By Amir Nasr
December 14, 2015 at 4:29 pm ET
The day before the new Star Wars movie hits most U.S. theaters, the Federal Communications Commission will blast into space in its own wonky way.
On Thursday, the agency is slated to vote on final rules that would update four dozen licensing and operating procedures for space and earth stations that communicate via satellite. The rules are expected to streamline the design-review and construction-benchmarking process that the FCC requires of satellite manufacturers. Regulators also intend to promote international coordination in satellite licensing.
The FCC occasionally updates its hundreds of satellite rules since they have a tendency to become obsolete. The FCC adopted a proposed version of this new set of rules in September 2014. The five commissioners appear united in their support of the current batch of updates.
Ajit Pai, a Republican FCC commissioner who is often at odds with FCC Chairman Tom Wheeler, last year hailed the proposed overhaul of the critical design review (CDR) process for satellite license applicants. Under the current rules, satellite companies must undergo a lengthy federal review of their satellite designs and meet certain construction milestones within two years of being granted a license.
Through the CDR process, the FCC ensures that the design of a satellite is technically sound and that the manufacturer is on course to complete development and construction within its scheduled cost and timeframe.
In 2012, satellite manufacturer Boeing Co. complained that this was an unnecessary process that slowed things down. In formal comments, Boeing told the FCC that the requirement for satellite companies to submit full CDR reports had grown increasingly burdensome. The agency was asking for too much information that endangered timely construction, confidentiality and competition, Boeing said.
“Such a policy not only results in the disclosure of extremely confidential and proprietary documents, but has also made CDR milestone review more cumbersome, protracted, and detailed than necessary to serve the purpose of an objective and easily enforced interim indicator ensuring that licensees are proceeding with satellite construction,” Boeing said.
The Satellite Industry Association, which represents the commercial satellite industry, concurs. In comments filed in February 2015, the SIA pressed the FCC to make its construction and design review milestone procedures “less burdensome.”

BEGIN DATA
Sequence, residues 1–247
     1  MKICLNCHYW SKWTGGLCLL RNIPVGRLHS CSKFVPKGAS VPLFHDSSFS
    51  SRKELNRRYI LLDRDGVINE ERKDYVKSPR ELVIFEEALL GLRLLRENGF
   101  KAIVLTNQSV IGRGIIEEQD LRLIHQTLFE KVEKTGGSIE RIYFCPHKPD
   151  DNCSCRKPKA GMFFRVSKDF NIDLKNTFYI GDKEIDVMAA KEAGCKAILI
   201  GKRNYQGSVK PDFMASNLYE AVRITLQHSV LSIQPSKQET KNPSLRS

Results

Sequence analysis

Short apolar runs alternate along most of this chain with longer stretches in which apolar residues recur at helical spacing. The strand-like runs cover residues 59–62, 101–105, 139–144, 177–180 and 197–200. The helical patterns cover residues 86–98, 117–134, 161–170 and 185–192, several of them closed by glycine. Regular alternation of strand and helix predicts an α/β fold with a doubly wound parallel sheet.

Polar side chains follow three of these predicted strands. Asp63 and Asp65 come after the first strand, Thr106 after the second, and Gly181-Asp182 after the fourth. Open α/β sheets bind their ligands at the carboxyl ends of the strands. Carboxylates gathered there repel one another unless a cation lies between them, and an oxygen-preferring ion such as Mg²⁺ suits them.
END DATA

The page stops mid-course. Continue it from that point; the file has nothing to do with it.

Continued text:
The SIA suggested the agency adopt a requirement in which it must act on milestone requirements on design and construction within 60 days of the company’s filing. Boeing complained that the FCC often “significantly delayed” checking the company’s design review and construction plans before approving or canceling a license.
The FCC’s rule is designed to alleviate these problems, although the specifics of the final changes won’t be revealed until after Thursday’s meeting. During the open comment period on the proposal, Boeing and others argued that companies seeking satellite licenses shouldn’t have to submit full design review packages to show compliance. But they also agreed that the FCC should ensure that manufacturers adhere to agency requirements.
The FCC pointed to “several cases” in which license seekers provided incorrect certifications as the reason it now seeks “concrete evidence” that design requirements have been satisfied.
However, regulators have spent the last year giving those rules a second look. One way for them to seek less information about design and construction would be to allow other private satellite companies to issue corroborating affidavits confirming that an applicant’s CDR requirement had been fulfilled. Those affidavits could be coupled with proof that the company had paid what was expected for a satellite’s construction and a certification of compliance from the licensee.
The new satellite rules will also delve into international cooperation in licensing practices. The FCC is considering allowing early license submissions to the International Telecommunications Union. The ITU is a United Nations agency that handles global telecommunications policy, including the international coordination of satellites.
International coordination in satellite licensing would create more standardized procedures for satellite operations worldwide, which would benefit the industry, according to SIA.
The FCC commissioners worked together to update the rules, which should mean smooth sailing during Thursday’s vote. Pai thanked fellow commissioners in 2014 for incorporating his suggestions.
“Streamlining the licensing of small earth stations, for example, is just one way we can mold our rules to make the United States the most desirable country in the world for licensing and operating satellites,” he said.
Amir Nasr previously worked at Morning Consult as a reporter covering tech.